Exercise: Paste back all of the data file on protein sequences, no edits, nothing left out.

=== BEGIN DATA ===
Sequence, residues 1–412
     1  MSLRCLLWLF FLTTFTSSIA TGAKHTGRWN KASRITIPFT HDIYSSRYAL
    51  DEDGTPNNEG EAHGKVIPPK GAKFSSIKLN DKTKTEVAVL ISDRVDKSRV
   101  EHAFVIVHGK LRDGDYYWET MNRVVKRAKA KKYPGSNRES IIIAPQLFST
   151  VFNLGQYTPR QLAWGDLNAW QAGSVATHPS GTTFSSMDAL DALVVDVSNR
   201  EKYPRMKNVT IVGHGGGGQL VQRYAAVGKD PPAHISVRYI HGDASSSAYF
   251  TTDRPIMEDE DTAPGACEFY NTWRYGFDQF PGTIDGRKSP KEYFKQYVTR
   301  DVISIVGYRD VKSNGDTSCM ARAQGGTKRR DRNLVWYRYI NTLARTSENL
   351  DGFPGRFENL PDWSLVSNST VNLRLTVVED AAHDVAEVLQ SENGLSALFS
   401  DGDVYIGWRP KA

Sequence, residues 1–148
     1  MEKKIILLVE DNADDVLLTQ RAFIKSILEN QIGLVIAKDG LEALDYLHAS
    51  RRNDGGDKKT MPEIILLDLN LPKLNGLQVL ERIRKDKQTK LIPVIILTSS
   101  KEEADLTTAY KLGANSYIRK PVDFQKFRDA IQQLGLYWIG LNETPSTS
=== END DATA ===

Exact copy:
Sequence, residues 1–412
     1  MSLRCLLWLF FLTTFTSSIA TGAKHTGRWN KASRITIPFT HDIYSSRYAL
    51  DEDGTPNNEG EAHGKVIPPK GAKFSSIKLN DKTKTEVAVL ISDRVDKSRV
   101  EHAFVIVHGK LRDGDYYWET MNRVVKRAKA KKYPGSNRES IIIAPQLFST
   151  VFNLGQYTPR QLAWGDLNAW QAGSVATHPS GTTFSSMDAL DALVVDVSNR
   201  EKYPRMKNVT IVGHGGGGQL VQRYAAVGKD PPAHISVRYI HGDASSSAYF
   251  TTDRPIMEDE DTAPGACEFY NTWRYGFDQF PGTIDGRKSP KEYFKQYVTR
   301  DVISIVGYRD VKSNGDTSCM ARAQGGTKRR DRNLVWYRYI NTLARTSENL
   351  DGFPGRFENL PDWSLVSNST VNLRLTVVED AAHDVAEVLQ SENGLSALFS
   401  DGDVYIGWRP KA

Sequence, residues 1–148
     1  MEKKIILLVE DNADDVLLTQ RAFIKSILEN QIGLVIAKDG LEALDYLHAS
    51  RRNDGGDKKT MPEIILLDLN LPKLNGLQVL ERIRKDKQTK LIPVIILTSS
   101  KEEADLTTAY KLGANSYIRK PVDFQKFRDA IQQLGLYWIG LNETPSTS